Friday, March 7, 2014

Carl Solway Gallery's Booth at The Art Show Mentioned in The New York Times

In Blue-Chip Precincts, a Shout-Out for the Undersung
Booths Devoted to Women Multiply at the Art Show
In catering to established tastes, art fairs tend to mirror or even exacerbate the art world’s imbalances. And of all the art fairs that visit New York in March, the Art Show, organized by the Art Dealers Association of America, is normally the safest and most blue-chip of the bunch (that is, heavily white and male).

But the 26th edition of the fair is in some respects a corrective. Perhaps mindful of the special section of drawings by female artists at  the Armory Show across town, the association’s member dealers have assembled one formidable booth after another of art by women: 13 of the 38 solo presentations, plus a thematic exhibition, “Women Collagists,” at  Pavel ZoubokThat’s not exactly gender parity; percentage-wise, it’s comparable to the lineup for the current Whitney Biennial, which suggests that there’s plenty of room for improvement. But it’s the highest number of female solos to date for the Art Show.

Quality may be more persuasive than quantity: Nearly every one of those booths is a knockout. Great care has been taken by dealers in calling attention to undersung historical material and to contemporary artists presenting brand-new work. Yes, this is also true of many male-artist booths at the fair, which has become known in recent years for the quality of its solo presentations. (Jeff Wall’s early light boxes at Marian Goodman and Phillip Taaffe’s new botanical paintings at Luhring Augustine are among the polished, tightly edited offerings, as is the pairing of Louise Bourgeois and Gaston Lachaise at Cheim & Read.) But in many places, you can sense extra effort by or on behalf of women.

The historical shows are particularly stirring, reaching back as far as the 19th century to recover underappreciated female artists and prompt some sustained thought about the challenges they faced. Galerie St. Etienne, for instance, is featuring the early German Modernist painter Paula Modersohn-Becker (1876-1907), who is the subject of a new  biography by the art historian Diane Radycki. Looking at her semi-abstracted portraits of mothers and children, which evoke both the Post-Impressionists and Piero della Francesca, you wonder what else she might have accomplished had she not died at 31 from complications of childbirth.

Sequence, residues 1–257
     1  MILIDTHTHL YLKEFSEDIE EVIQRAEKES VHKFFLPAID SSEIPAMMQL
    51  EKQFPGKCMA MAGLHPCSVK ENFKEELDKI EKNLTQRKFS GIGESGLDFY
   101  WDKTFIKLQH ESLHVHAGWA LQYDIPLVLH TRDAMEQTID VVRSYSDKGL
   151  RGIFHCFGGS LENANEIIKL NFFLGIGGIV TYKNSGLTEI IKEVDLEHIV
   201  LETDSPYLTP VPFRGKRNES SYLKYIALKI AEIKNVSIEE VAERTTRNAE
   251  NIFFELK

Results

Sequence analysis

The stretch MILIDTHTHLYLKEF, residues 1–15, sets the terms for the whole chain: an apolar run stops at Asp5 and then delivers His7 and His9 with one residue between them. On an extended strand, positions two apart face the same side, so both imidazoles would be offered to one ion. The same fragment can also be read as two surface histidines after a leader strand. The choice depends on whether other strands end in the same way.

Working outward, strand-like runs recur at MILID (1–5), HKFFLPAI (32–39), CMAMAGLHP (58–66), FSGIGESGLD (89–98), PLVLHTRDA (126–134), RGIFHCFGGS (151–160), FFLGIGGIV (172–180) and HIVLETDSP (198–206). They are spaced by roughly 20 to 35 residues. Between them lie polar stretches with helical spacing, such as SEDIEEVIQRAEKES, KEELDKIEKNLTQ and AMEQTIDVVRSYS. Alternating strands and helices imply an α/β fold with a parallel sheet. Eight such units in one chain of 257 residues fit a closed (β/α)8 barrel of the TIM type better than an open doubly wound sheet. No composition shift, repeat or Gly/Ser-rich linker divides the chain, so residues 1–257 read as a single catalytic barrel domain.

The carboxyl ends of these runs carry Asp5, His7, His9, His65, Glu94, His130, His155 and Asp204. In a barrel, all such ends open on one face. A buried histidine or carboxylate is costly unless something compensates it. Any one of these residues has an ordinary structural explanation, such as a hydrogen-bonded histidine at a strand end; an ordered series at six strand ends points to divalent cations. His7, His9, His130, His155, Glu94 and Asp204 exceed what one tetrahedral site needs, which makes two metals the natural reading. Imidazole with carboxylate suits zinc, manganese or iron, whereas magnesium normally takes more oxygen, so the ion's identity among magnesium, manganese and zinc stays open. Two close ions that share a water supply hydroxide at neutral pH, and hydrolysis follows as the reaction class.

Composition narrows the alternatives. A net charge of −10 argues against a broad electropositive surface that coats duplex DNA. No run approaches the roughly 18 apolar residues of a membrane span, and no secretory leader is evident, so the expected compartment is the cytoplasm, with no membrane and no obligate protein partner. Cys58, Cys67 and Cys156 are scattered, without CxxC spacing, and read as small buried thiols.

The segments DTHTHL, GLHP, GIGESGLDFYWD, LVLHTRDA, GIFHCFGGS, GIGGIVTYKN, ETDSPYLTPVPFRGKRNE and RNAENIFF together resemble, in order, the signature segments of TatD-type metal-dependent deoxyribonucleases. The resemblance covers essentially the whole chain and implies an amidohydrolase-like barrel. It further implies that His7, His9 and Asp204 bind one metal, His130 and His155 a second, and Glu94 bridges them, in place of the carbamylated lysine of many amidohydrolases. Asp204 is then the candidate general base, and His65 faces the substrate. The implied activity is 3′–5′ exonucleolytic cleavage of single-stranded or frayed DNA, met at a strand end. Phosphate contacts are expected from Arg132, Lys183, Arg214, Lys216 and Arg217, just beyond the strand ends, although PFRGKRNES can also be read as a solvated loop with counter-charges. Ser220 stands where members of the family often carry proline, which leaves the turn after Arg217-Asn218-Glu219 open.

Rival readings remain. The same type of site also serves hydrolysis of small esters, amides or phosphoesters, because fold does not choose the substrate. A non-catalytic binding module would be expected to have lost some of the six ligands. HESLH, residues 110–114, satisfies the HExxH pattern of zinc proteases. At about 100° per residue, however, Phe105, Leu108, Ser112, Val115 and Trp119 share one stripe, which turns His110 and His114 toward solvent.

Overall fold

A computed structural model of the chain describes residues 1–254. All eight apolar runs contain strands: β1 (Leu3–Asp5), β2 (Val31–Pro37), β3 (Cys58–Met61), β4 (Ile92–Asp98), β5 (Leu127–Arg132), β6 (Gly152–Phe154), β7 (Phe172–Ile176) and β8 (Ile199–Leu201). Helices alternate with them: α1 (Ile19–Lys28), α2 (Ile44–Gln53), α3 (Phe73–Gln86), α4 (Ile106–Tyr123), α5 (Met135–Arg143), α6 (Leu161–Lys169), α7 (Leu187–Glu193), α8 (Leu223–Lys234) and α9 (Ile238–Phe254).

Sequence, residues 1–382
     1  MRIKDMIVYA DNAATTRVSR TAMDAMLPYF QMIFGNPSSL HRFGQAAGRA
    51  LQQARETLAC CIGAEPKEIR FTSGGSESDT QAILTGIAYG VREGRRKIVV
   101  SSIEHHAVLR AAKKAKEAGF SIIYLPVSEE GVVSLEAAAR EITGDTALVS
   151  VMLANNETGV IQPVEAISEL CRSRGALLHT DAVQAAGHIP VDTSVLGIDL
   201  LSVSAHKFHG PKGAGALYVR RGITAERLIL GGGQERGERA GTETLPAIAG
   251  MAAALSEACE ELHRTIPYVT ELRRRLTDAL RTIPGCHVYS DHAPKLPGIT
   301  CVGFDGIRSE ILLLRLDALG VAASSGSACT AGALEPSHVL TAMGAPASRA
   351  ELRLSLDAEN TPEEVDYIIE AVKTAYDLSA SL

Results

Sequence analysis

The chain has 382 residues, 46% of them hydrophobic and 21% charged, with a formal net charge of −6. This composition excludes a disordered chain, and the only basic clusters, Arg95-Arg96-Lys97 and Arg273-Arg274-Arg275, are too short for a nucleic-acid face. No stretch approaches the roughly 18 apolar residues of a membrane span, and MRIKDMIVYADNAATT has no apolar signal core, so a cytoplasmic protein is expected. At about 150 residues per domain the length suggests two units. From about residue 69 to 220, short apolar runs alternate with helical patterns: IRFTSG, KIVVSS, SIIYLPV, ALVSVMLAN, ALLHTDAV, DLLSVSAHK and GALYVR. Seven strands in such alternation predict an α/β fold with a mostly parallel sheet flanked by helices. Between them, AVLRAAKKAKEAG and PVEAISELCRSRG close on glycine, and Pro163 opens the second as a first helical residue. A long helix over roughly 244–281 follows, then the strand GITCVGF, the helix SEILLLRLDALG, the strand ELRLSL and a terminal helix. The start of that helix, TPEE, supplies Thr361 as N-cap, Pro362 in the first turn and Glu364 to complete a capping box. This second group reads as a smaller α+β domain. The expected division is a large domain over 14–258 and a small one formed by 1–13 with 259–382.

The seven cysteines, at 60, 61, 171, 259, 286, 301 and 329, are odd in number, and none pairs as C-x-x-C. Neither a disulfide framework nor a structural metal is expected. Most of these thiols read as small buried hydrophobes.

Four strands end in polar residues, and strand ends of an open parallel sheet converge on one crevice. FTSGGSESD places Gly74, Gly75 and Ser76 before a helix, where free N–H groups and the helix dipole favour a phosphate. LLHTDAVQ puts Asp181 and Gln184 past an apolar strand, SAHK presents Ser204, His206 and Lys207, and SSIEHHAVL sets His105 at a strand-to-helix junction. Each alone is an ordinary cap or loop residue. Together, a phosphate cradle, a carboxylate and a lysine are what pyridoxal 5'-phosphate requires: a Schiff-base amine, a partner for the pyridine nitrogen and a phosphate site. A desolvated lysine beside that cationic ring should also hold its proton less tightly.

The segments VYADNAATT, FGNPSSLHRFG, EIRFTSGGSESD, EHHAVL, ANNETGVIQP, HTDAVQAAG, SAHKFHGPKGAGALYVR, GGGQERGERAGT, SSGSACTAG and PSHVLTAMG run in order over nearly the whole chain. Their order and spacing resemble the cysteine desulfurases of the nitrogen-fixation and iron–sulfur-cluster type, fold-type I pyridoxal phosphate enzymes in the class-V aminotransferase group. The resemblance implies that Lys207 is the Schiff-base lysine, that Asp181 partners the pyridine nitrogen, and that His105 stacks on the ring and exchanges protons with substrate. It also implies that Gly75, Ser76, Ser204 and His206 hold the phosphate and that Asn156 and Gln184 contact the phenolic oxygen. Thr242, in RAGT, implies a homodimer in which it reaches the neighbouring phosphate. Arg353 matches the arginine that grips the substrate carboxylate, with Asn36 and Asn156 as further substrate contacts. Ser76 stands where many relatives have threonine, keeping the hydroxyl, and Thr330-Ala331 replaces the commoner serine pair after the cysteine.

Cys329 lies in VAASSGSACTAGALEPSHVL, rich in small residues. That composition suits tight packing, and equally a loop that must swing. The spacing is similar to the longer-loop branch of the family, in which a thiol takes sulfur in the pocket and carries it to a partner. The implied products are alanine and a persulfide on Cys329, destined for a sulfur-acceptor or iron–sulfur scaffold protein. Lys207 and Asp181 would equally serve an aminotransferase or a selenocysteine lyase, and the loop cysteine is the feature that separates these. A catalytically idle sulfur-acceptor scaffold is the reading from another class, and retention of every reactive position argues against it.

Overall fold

Also riveting is the Robert Miller Gallery’s survey of Lee Krasner’s dynamic collages, which make use of her own torn-up drawings. Many are as large as her better-known paintings, and every bit as gestural. It ought to be seen in tandem with “Women Collagists,” which includes smaller works by Grace Hartigan, Vanessa German and Perle Fine.

P.P.O.W.’s thorough and absorbing show of older works by a living artist,  Martha Wilson, hould also be counted among the important historical exhibitions. The photographs, performance documents and films on view date from 1970 to 1974, when Ms. Wilson was attending art school in Halifax, Nova Scotia. They find her exposing chauvinism and clubbiness within this conceptual-art center, sometimes posing as a man in drag, and always with wry humor.

In the adjacent booth of  Carl Solway Gallerythe installation artist  Ann Hamilton (who not long ago filled the Park Avenue Armory’s entire drill hall) is in residence, engaging visitors with the sort of interactive project that’s become common at contemporary fairs like Frieze (coming to New York in May) and at the Armory, but that is rare here. Visitors who want to be photographed by Ms. Hamilton can press their faces against a special membrane; only the features that touch the screen will appear in focus. Anyone who participates will receive a small print bearing a portrait.

Sarah McEneaney is also present, in a sense, at Tibor de Nagy; in her precise and colorful egg-tempera paintings, she can be seen lounging with her cats, striking yoga poses in a James Turrell installation and doing the crossword in an art-filled red interior (a riff, perhaps, on Matisse’s “Red Studio.”)

Younger contemporary artists (some already veterans of multiple Chelsea gallery shows — this is the tried-and-tested Association of Art Dealers, after all) also make an impression. Sara VanDerBeek has put together an elegant and mysterious installation inspired by urban transformation in Cleveland; photographs partly obscured by a zigzagging partition show us mysterious details of the cityscape.
At Petzel Gallery, the painter Dana Schutz is showing a new and vigorous crop of charcoal drawings. With their whirling, mechanized figures, they seem to converse with the Futurist works on paper just two stalls away atAdler & Conkright.

And at Yancey Richardson, the South African photographer Zanele Muholi’s black-and-white portraits portray individuals boldly asserting both their African and lesbian, gay, bisexual or transgender identities. They remind you that while the Art Show may be moving in the right direction as far as the gender gap is concerned, a fair that shows the art world its better self would also have to address diversity.

The Art Show continues through Sunday at the Park Avenue Armory, 643 Park Avenue, at 67th Street;

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